Fundamental C - Expressions
Written by Harry Fairhead   
Tuesday, 24 May 2022
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Fundamental C - Expressions
The Rules

Operators in C

C has a range of operators that needs 16 levels of precedence to control! This bewildering array of operators is one of the reasons why C is intimating to the beginner and can look cryptic if written using lots of operators. You can always use parentheses to make the order of evaluation clear. A sub-expression in parentheses is always fully evaluated before it is used in the full expression.

Once you start to extend the range of operators that a language has then you have to worry about associativity as well as precedence. Associativity is simply the order that operators of the same priority will be evaluated. If you restrict your attention to simple arithmetic operators then the associativity isn't a problem because (A+B)+C is the same as A+(B+C). However, when you move on to consider more general operators it does matter. For example, in C the right shift operator A>>B shifts A right by B bits. (A>>B)>>C, which means shift A right by B+C isn't the same as A>>(B>>C), which shifts A right by the result of the right shift of B by C bits.

To make the result of such operations unambiguous, C defines each operator as associating left to right or right to left, i.e. right or left associative. The >> operator associates left to right because this means that A>>B>>C is (A>>B)>>C and this is the same as A>>(B+C).

Every operator in C has a priority and an associativity and you need to know both to be able to figure out what an expression evaluates to. You can see all of the standard C operators in the table on the next page.




Postfix increment a++



Postfix decrement a--


Function call a()


Array subscripting a[b]


Element selection by reference a.b


Element selection through pointer a->b



Prefix increment ++a



Prefix decrement --a


Unary plus +a


Unary minus -a


Logical NOT !a


Bitwise NOT ~a


Type cast (int) a


Indirection (dereference) *a


Address-of &a


Size-of sizeof a



Multiplication a*b



Division a/b


Modulo (remainder) a%b



Addition a+b



Subtraction a-b



Bitwise left shift a<<b



Bitwise right shift a>>b



Less than a<b



Less than or equal to a<=b


Greater than a>b


Greater than or equal to a>=b



Equal to a==b



Not equal to a!=b



Bitwise AND a&b




Bitwise XOR (exclusive or) a^b




Bitwise OR (inclusive or) a|b




Logical AND a&&b




Logical OR a||b




Ternary conditional (see?: later)




Direct assignment a=b



Assignment by sum a+=b


Assignment by difference a-=b


Assignment by product a*=b


Assignment by quotient a/=b


Assignment by remainder a%=b


Assignment by bitwise left shift a<<=b


Assignment by bitwise right shift a>>=b


Assignment by bitwise AND a&=b


Assignment by bitwise XOR a^=b


Assignment by bitwise OR





Notice that in C, ^ is exclusive or, not raise to a power as it is in other languages. Most of the other operators you either already know or they are discussed later. There are, however, some additional things to say about operators, in particular, casts and side effects.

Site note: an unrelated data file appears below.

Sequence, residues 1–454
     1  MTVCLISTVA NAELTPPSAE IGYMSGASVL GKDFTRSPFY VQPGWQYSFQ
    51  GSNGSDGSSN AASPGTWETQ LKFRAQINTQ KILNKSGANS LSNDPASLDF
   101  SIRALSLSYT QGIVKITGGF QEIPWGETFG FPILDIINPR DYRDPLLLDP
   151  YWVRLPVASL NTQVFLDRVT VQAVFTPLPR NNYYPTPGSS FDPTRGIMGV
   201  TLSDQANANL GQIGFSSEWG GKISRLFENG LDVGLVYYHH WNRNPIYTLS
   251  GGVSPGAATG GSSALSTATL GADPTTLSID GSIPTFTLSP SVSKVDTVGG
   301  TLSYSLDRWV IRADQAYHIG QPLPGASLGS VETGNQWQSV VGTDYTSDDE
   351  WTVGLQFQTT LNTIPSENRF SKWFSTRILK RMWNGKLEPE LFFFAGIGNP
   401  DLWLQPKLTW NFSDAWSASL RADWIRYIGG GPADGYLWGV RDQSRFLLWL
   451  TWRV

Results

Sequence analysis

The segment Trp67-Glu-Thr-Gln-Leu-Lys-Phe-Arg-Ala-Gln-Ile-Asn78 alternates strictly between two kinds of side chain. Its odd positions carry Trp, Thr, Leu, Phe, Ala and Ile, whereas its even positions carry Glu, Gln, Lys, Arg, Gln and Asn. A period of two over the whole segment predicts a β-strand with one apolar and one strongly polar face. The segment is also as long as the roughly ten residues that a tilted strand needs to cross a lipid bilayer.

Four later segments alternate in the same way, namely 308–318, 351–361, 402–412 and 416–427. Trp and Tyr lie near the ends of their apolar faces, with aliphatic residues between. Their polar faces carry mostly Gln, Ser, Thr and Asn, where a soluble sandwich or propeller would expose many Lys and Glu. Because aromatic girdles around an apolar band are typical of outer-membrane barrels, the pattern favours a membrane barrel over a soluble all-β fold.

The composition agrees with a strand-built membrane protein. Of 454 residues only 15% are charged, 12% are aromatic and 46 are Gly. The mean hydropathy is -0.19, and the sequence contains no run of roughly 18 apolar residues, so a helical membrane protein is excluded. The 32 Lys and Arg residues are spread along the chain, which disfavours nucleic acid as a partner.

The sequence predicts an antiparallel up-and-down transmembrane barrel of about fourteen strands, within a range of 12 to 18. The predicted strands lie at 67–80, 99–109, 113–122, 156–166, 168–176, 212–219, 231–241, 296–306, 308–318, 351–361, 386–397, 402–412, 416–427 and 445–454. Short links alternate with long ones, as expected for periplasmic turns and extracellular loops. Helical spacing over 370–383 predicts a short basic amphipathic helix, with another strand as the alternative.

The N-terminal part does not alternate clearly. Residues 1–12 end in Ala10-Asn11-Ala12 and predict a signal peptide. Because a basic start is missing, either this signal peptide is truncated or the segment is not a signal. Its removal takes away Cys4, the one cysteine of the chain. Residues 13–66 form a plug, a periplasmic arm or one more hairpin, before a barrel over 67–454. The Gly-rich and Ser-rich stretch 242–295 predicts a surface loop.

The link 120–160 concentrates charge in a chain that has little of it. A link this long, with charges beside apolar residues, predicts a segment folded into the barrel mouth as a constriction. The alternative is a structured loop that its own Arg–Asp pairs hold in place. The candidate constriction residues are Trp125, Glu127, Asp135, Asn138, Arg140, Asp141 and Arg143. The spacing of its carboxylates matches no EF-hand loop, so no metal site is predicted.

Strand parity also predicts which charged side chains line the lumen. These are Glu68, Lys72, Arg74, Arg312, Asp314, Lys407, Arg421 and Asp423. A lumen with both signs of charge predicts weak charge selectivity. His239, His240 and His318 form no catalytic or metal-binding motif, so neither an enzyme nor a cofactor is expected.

Expressions, Type and Casting

There is a great deal of misunderstanding about type and casting in particular. In C it is better to think of a memory location as somewhere that happens to be currently in use to store a bit pattern that has a particular interpretation. For example, as explained in Chapter 5, the bit pattern 01000001 could be the binary representation of 65 or it could be the ASCII code for ‘A’ or it could signify that switches 0 and 6 are closed and the rest are open. The bit pattern stays the same, the interpretation changes.

In C, unlike in other languages, the type assigned to a variable or pointer only changes how the bit pattern is supposed to be interpreted and determines the amount of memory allocated. For example:

char myChar;

allocates a single byte which is interpreted, mostly by the programmer, as a character. So you can initialize it to a character literal:


which stores the bit pattern 01000001 in the byte.

So is myChar a character or a number? If you are expecting a firm answer to this question you haven’t yet understood the very loose way that C treats type. The best answer is that there is a bit pattern stored in myChar and it’s up to you to how to interpret it. The compiler does expect you to treat it as a character and it will warn you if you treat it as something else, but it’s just helpful advice to avoid you making a mistake.

Suppose that you really know what you are doing and you want to use char as if it was a numeric value and want it to be clear that you are doing this on purpose? The answer is that you can use a cast, which in C is denoted as a type enclosed in parentheses – (type). A cast is often optional as the compiler can work out what is going on, but it still useful to indicate to a human what you intend. Compilers will also often warn you that you are treating one type as a different type, but this is a helpful feature of the compiler and not something that is built into the C language.

A cast is written in front of a variable to tell the compiler that you want its bit pattern to be reinterpreted as the new type. Notice that this is a very simple process in most cases. Other languages often do a lot more work when you cast from one type to another.

Last Updated ( Tuesday, 24 May 2022 )